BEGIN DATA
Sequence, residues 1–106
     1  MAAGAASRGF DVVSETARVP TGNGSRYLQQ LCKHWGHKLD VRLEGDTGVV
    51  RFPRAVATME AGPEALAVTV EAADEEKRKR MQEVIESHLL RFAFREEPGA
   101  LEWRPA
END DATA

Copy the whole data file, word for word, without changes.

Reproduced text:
Sequence, residues 1–106
     1  MAAGAASRGF DVVSETARVP TGNGSRYLQQ LCKHWGHKLD VRLEGDTGVV
    51  RFPRAVATME AGPEALAVTV EAADEEKRKR MQEVIESHLL RFAFREEPGA
   101  LEWRPA